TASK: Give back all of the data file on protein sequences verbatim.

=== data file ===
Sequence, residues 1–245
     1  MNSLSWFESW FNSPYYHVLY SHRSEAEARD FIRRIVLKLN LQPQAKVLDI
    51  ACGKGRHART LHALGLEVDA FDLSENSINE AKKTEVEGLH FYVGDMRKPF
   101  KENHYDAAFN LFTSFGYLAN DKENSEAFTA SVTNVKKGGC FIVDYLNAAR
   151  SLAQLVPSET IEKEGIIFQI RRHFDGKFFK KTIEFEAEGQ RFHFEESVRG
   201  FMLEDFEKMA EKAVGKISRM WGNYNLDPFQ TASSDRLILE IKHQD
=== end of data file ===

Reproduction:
Sequence, residues 1–245
     1  MNSLSWFESW FNSPYYHVLY SHRSEAEARD FIRRIVLKLN LQPQAKVLDI
    51  ACGKGRHART LHALGLEVDA FDLSENSINE AKKTEVEGLH FYVGDMRKPF
   101  KENHYDAAFN LFTSFGYLAN DKENSEAFTA SVTNVKKGGC FIVDYLNAAR
   151  SLAQLVPSET IEKEGIIFQI RRHFDGKFFK KTIEFEAEGQ RFHFEESVRG
   201  FMLEDFEKMA EKAVGKISRM WGNYNLDPFQ TASSDRLILE IKHQD